119 (a) (b) (c) FIGURE 60 Deteriorated bridge members as a result of corrosion (used by permission from Yail J. Kim): (a) steel girders; (b) reinforced concrete deck and supporting steel girders; (c) steel truss elements.
120 a cost classification scheme. The uncertainty of FRP materials was addressed by conducting Monte- Carlo simulations. The total life-cycle costs of the WC deck were comparable with the costs of a conventional reinforced concrete deck, whereas other FRP options resulted in higher life-cycle costs. Hastak and Haplin (2000) presented a case study to compare expenses associated with strengthening bridge columns using steel jackets and FRP-wrapping. Comparison criteria included strength benefits, weight reduction, durability, material properties, construction, aesthetics, transportability, and the ease of installation. Benefit analysis showed that FRP strengthening was 45% more effective than steel jacketing according to the proposed benefit score, whereas FRP costs were 20% higher. The overall costâbenefit ratio of FRP was 21% better than that of steel. Sahirman et al. (2003) examined initial costs for FRP decks using six bridge samples taken from West Virginia and New York. Average costs per square foot varied from $128 to $368, which were higher than those of steel-reinforced concrete decks [i.e., $40/ft2 ($430/m2) was a competitive price target]. Lee et al. (2004) conducted a cost analysis for the Watson Wash Bridge in California. The reinforced concrete girder bridge was 741 ft (226 m) long with 18 spans. Because of corrosion damage and increased traffic load, significant crack- ing and punching shear damage were noticed in the deck. FRP sheets were considered to repair this bridge, in order to recover the load-carrying capacity and to extend service life. Cost analysis was carried out to evaluate the competitiveness of FRP repair against bridge replacement. The costs of FRP repair were expected to be 23% of those of replacement. The cost analysis conducted by Phillips et al. (2005) concerned a GFRP-reinforced concrete deck for the Route 668 Bridge in Virginia, consisting of three spans with a total length of 170 ft (52 m). The installed price of GFRP bars was $6.98/ft2 ($75/m2), which was more than the prices of bare steel [$1.91/ft2 ($21/m2)] and epoxy-coated steel [$2.65/ft2 ($29/m2)]. The higher GFRP cost was anticipated to balance off with long-term rehabilitation expenses for a service life of 75 years. Berg et al. (2006) reported that a 57% cost saving was achieved with FRP-based bridge decks over traditional decks. Kostuk et al. (2006) compared the life-cycle costs of bridge decks reinforced with (1) epoxy- coated steel bars, (2) MMFX (corrosion resistant steel) bars, and (3) GFRP bars. Initial construc- tion, maintenance, and decommissioning costs were taken into consideration over a service life of 100 years. The initial construction costs of the MMFX and GFRP options were 12% and 6% higher than the cost of the epoxy-coated steel case. The MMFX and GFRP maintenance costs were, however, 101% and 24% of the epoxy-coated barâs cost. The total costs of the MMFX- and GFRP-based decks were 110% and 89% relative to the deck with epoxy-coated steel bars. Nishizaki (2009) reported the initial and maintenance costs of five bridges in Japan. The initial costs of FRP superstructure were 38% higher than those of conventional prestressed concrete superstructure. The maintenance costs of the FRP superstructure for 30, 50, and 100 years were, however, 75.5%, 76.5%, 71.3% lower than the FIGURE 61 Cost breakdown for bridge structure.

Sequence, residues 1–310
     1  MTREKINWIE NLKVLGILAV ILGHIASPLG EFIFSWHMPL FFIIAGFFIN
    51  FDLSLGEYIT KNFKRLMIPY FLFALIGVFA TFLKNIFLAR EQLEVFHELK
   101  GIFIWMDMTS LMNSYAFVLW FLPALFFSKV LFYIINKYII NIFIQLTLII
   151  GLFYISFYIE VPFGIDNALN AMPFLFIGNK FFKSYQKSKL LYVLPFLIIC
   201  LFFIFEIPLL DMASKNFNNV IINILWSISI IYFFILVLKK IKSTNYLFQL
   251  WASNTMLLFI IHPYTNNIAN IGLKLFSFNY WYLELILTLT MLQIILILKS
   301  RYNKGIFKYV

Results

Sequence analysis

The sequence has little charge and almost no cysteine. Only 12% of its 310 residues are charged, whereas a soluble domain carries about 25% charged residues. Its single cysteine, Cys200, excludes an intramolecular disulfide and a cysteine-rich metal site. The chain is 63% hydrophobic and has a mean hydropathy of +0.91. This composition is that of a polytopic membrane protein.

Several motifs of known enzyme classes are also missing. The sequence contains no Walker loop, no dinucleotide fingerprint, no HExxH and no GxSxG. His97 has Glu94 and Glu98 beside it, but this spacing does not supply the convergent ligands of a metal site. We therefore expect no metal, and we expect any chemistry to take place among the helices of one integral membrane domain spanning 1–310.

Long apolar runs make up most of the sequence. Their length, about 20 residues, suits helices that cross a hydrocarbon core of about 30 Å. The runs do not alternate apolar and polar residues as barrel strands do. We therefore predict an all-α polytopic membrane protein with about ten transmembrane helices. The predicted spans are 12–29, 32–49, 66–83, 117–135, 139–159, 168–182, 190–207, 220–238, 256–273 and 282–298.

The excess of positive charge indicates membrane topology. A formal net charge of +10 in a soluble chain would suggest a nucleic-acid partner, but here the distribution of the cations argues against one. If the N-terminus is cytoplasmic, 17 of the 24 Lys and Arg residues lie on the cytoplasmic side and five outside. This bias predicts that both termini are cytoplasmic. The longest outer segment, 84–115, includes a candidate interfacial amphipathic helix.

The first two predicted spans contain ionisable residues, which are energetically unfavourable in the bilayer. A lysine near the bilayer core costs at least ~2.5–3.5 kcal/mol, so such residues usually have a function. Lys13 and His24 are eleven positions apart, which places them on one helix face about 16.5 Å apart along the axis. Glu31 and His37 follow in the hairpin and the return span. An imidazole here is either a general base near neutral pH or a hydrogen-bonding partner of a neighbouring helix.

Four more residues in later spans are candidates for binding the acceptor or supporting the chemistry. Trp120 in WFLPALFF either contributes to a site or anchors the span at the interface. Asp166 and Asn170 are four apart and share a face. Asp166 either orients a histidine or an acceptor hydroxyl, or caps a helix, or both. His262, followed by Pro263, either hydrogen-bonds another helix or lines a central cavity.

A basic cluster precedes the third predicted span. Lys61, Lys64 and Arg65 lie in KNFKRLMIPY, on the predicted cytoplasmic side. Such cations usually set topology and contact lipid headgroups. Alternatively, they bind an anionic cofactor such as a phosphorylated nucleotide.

121 costs of the conventional one, respectively. The primary reasons for reducing the life-cycle costs of the FRP superstructure were low installation costs associated with the FRPâs light weight and durable performance (e.g., no corrosion). Eamon et al. (2012) studied the affordability of CFRP reinforcement in bridge construction. Two- stage, life-cycle cost analyses (deterministic and probabilistic) were conducted to estimate expenses, which resulted from various bridge types. Traffic volume was an important parameter influencing the life-cycle costs. Accordingly, the use of CFRP reinforcement for bridges subjected to high traf- fic volume showed a significant cost reduction. The bridges with I-girders prestressed with CFRP tendons exhibited better life-cycle costs than those with box girders with CFRP. Kawahara et al. (2012) evaluated the economic competitiveness of FRP decks for short-span bridges. Several cost items were taken into account, namely materials, installation labor, fuel, equip- ment rental, demolition, disposal, traffic delay, and environment. The total costs of the FRP decks were estimated to be $113/ft2 ($1,216/m2) with a 2% discount rate. Mara et al. (2014) carried out a com- prehensive cost analysis for a bridge built in 1948 in Sweden. The bridge had a deteriorated reinforced concrete deck; however, its steel girders were still in good condition. Two options were considered: (1) replacement of the bridge superstructure and (2) replacement of the existing deck with an FRP deck. The life-cycle cost analysis included initial, maintenance and repair, social, environmental, and demolition expenses. The initial costs consisted of material, manufacturing, installation, and transpor- tation components. The social and environmental aspects were based on traffic disturbance, pollutants, and carbon dioxide emissions. The disposal costs encompassed landfill and recycling fees. The FRP deck option was 45% less expensive than the replacement option. Moruza et al. (2017) calculated the costs of CFRP-prestressed concrete piles for the Nimmo Parkway Bridge in Virginia. It was expected that the CFRP-based piles would address concerns on corrosion damage that occurs in conventional steel-prestressed concrete piles in a brackish environ- ment. The bid cost of the CFRP piles [$360.71/ft ($1,183/m)] was 4.15 times more than that of the conventional piles [$87.01/ft ($285/m)]. The life-cycle analysis indicated that the costs of the CFRP piles could be as low as 71% of those of the conventional piles.